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Spider-Man: Should’ve Stayed Home

The most commendable part of Spider-Man: Far From Home was the ending. I don’t mean the reveal itself, but just the fact Tom Holland managed to keep quiet about it.  Besides that, the film fell a little flat. Don’t get me wrong, Tom Holland as Spider-Man will always be incredible. As for the rest of the film though, I don’t think anybody would notice if it was “blipped” out of existence.

This article contains minor spoilers for Spider-Man: Far From Home

The Blip

“The Blip,” if you didn’t know, is the renamed Thanos’ snap. Like the movie itself, the concept is just not as good as the original. 

Maybe I’m just slow in maths, but their explanation for why half of them are still in high school made no sense to me. I spent far too long trying to work out why Ned looked 35 (I think he’s meant to be 20, but also 16?), but Peter definitely blipped and he looks the same?! Just as I started thinking I had worked it out, they stumped me again. 

On the plane to Italy, Flash orders champagne because he looks 21, but MJ calls the flight attendant over to inform her that he “blipped” and he’s actually 16. But his body is 21, so do he have the maturity of an adult or a teenager?  This is what I pondered for the next ten minutes of the film.  Maybe some super smart people could work it out, but I bet there were plenty of others who couldn’t. In a fun, superhero movie like this, I wasn’t really expecting to have to think quite that hard. 

Bigger Isn’t Always Better

One of things that set Spider-Man: Homecoming apart from the other films in the Marvel franchise was it was on a small scale.  Granted, one of the biggest things Parker tackles throughout Far From Home is wanting to remain “the friendly neighbourhood Spider-Man.” So, in some ways, the excess explosions and destruction seen in the film is justified.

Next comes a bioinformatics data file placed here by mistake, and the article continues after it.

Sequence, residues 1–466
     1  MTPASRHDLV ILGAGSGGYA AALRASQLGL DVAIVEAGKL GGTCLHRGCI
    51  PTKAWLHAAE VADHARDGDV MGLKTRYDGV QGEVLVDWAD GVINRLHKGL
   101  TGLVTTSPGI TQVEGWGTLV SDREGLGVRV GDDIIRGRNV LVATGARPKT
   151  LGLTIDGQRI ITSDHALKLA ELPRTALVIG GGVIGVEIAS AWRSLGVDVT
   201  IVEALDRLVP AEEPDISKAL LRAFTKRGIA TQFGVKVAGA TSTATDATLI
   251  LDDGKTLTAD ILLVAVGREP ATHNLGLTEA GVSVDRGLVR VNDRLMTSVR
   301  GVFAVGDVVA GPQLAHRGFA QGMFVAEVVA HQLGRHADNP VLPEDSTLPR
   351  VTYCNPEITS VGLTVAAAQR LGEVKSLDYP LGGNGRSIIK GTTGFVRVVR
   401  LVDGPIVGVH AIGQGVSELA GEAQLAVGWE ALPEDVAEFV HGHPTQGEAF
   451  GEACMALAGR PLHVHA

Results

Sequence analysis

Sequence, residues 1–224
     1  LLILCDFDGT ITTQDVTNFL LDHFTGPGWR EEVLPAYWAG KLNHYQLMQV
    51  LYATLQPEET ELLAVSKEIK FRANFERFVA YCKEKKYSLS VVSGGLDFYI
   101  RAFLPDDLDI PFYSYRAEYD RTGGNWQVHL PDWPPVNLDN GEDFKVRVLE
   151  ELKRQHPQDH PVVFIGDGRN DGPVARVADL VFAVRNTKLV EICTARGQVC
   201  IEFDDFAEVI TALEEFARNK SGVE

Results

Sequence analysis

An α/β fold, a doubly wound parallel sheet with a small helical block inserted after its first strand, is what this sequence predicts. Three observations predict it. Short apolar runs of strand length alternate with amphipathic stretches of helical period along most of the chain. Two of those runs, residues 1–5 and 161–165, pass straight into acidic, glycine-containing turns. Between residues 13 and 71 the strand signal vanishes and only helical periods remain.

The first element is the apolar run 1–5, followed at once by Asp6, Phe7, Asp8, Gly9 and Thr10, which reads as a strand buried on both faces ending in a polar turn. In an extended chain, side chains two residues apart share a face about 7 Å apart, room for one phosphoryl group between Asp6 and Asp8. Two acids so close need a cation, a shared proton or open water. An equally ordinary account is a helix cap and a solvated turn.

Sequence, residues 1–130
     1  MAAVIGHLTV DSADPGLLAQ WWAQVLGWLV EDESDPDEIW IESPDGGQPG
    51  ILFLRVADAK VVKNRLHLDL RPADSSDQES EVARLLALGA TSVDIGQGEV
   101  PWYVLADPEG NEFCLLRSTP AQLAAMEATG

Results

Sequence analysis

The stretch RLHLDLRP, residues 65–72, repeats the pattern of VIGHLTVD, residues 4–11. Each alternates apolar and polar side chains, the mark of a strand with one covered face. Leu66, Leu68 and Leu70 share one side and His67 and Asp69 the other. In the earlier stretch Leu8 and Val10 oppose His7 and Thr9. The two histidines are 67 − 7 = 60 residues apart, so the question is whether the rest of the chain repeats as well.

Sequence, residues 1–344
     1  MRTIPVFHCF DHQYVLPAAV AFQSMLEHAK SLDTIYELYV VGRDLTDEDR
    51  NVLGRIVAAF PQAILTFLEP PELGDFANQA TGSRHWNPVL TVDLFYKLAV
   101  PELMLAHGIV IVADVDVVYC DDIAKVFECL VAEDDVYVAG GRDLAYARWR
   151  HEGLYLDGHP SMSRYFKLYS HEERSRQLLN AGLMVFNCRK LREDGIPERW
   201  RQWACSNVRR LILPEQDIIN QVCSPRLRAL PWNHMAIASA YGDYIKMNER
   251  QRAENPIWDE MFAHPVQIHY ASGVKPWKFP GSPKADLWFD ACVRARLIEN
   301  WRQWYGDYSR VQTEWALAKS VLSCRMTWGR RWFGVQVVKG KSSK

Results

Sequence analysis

However, it may not be apparent to those who saw the film in 3D, but a lot of the big actions scenes appeared specifically geared towards a 3D effect. This has happened a lot in the past (both in Marvel films and other blockbusters), with scenes having unnecessary action just so it can look like that crashed car is spiralling towards the audience, or the building is going to fall on their heads. 

This is only amplified but the recent growth in 4DX capabilities. The new experience is not particularly common in Australia, but 4DX is the most recent development in cinema gimmicks, expanding from 3D’s apparent popularity.  It’s basically the cinema equivalent to those crappy VR rides at theme parks. But, you know, good. 

Originating from Korea, it’s spread across Asia and has only just started in Australia.  Fans pay extra to be drooled on by dinosaurs or get heat blown on the back of their necks when a volcano erupts.  Some of the effects are done really well, but it becomes hugely apparent what parts of the film are designed for 4DX when you’re watching in regular old 2D.  Especially when both Endgame and Far from Home have had huge promotional periods in Korea, it becomes pretty clear that the cinematography is pandering to these newfound gizmos. 

Maybe in ten years, I’ll go back on my words when nobody can imagine a time without using 4DX to watch a film.  But for now, seeing Venice crumbling without the bonus effects of air blowing in my face or water splashing on me when there clearly should be, this invention just takes normal cinema-goers out of the movie experiences.